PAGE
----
Take the same track as the Fairbrother loop described above except at the top of the hill follow the trail towards Burma Road. This track pleasantly sidles along the side of a ridge for about an hour and a half of walking before it comes out at Burma Road. This area of the track is one of the most densely populated with kiwi and robins which have been nurtured by the Whakatane Kiwi Trust. There are no toilets over this section of the track.

  • Burma Road to White Horse
    From the Burma Road carpark, the track climbs steeply before entering private land. Here, sections of raised boardwalk make for an easy and charming walk through areas of native forest and wetland featuring large pukatea, tawa and puriri trees. Further on, the track meets the Mokorua Reserve walkway at the White Horse Drive Junction after about three-quarters of an hour walking. There are no toilets available on this section of the track.

  • White Horse Junction to Mokorua Gorge
    Locally known as the 'Bird Walk', the White Horse Junction to Mokorua section of the walkway traverses the stream valley a number of times before climbing the high ridge overlooking Whakatane. It then follows the ridge down to a final steep descent to the walkway exit adjacent to the car park at the bottom of the gorge. This is the most popular part of the Nga Tapuwae O Toi walkway and generally takes walkers around 45 minutes.

Warren Cole Walkway

The Warren Cole Walkway follows the Whakatane River from the Landing Road bridge to the Whakatane Heads. The picturesque walk is 4.2km one way and passes a number of interesting features including traditional waka, Mataatua wharenui and contemporary artwork relating to Moko the dolphin and Whakatane’s kiwi project.

Ohiwa Track

This great short walk (starting on Ohiwa Harbour Road) takes in wetland and lovely pohutukawa and puriri bush through Ohiwa Domain, with fantastic harbour and seaviews rewarding you for the steady climb to the promontory above Ohiwa Beach. Onekawa Pa site can be accessed across private land (leave gates as you find them) before descending to the Ohiwa Holiday Park. A shared use gravel path along the  road follows the harbour edge back to your start-point. This track also features a glow-worm grotto which is worth a visit in the evening. Both the Ohiwa Domain and Onekawa Te Mawhai have active community involvement in their environmental care and restoration.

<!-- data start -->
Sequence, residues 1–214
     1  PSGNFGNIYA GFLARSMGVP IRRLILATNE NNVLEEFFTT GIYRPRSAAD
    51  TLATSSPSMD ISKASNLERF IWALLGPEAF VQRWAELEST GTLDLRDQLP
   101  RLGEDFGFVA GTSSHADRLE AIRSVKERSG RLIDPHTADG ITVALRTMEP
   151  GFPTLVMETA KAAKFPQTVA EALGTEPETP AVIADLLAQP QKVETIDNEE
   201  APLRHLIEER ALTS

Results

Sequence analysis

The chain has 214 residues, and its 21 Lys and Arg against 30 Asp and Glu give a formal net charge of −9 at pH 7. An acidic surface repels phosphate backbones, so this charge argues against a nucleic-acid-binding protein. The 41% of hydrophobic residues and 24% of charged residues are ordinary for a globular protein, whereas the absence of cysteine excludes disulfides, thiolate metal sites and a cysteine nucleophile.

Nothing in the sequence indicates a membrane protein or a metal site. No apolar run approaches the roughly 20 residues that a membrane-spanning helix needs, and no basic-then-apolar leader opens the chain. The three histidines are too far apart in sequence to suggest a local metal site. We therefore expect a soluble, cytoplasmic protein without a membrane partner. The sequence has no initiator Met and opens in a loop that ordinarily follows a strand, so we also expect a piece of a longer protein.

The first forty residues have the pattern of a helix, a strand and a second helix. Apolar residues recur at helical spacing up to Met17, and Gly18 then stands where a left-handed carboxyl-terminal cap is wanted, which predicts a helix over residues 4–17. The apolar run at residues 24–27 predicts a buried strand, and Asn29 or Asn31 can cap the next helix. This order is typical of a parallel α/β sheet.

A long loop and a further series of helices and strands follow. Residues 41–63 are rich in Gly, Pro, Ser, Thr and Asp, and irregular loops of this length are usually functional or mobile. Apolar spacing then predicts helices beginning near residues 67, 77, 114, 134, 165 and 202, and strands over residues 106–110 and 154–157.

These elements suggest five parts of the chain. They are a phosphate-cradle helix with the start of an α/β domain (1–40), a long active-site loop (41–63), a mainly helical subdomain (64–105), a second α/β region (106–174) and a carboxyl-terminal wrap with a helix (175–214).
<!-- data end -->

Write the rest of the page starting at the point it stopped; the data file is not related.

Onekawa Te Mawhai Recreational Park

At the eastern head of Ohiwa Harbour, Onekawa Te Mawhai Regional Park provides options to go part way to the pa site at the summit and then take a trail through to the Ohowa Domain and an attractive bush walk, or to go all the way to the summit for impressive views across the harbour and seaward to White Island. Both options are steep in places. A route to the east of the pa site descends to Bryans Beach from where it is around 800m along the sand to complete the loop at the Ohowa Holiday Park. Community planting days are held each winter to slowly replace the gorse with native bush.

http://www.boprc.govt.nz/environment/coast/ohiwa-harbour/case-study-onekawa-te-mawhai/